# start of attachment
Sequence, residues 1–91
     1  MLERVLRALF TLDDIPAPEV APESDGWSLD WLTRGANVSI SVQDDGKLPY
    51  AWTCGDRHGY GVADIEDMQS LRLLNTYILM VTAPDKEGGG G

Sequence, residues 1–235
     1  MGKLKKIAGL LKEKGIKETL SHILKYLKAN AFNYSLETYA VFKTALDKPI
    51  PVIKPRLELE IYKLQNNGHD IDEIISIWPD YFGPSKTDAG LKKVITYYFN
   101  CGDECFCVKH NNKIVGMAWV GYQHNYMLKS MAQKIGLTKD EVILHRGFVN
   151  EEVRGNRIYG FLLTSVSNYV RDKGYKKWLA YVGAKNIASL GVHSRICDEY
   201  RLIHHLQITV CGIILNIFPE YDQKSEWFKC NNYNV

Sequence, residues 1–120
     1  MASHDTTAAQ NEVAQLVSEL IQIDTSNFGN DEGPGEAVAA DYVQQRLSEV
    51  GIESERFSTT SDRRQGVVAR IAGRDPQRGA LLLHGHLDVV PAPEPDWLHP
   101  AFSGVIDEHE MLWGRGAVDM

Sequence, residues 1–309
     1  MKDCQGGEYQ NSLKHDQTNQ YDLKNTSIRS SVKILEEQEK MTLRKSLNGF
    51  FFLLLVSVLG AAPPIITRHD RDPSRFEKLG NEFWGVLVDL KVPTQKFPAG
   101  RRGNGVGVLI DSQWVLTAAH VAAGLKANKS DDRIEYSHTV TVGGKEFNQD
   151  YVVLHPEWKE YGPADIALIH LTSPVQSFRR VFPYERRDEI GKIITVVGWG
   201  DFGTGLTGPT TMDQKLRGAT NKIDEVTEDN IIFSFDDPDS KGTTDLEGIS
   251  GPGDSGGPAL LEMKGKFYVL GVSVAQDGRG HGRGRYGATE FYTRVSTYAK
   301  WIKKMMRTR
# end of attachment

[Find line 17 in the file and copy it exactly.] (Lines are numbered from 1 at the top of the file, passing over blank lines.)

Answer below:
   101  RRGNGVGVLI DSQWVLTAAH VAAGLKANKS DDRIEYSHTV TVGGKEFNQD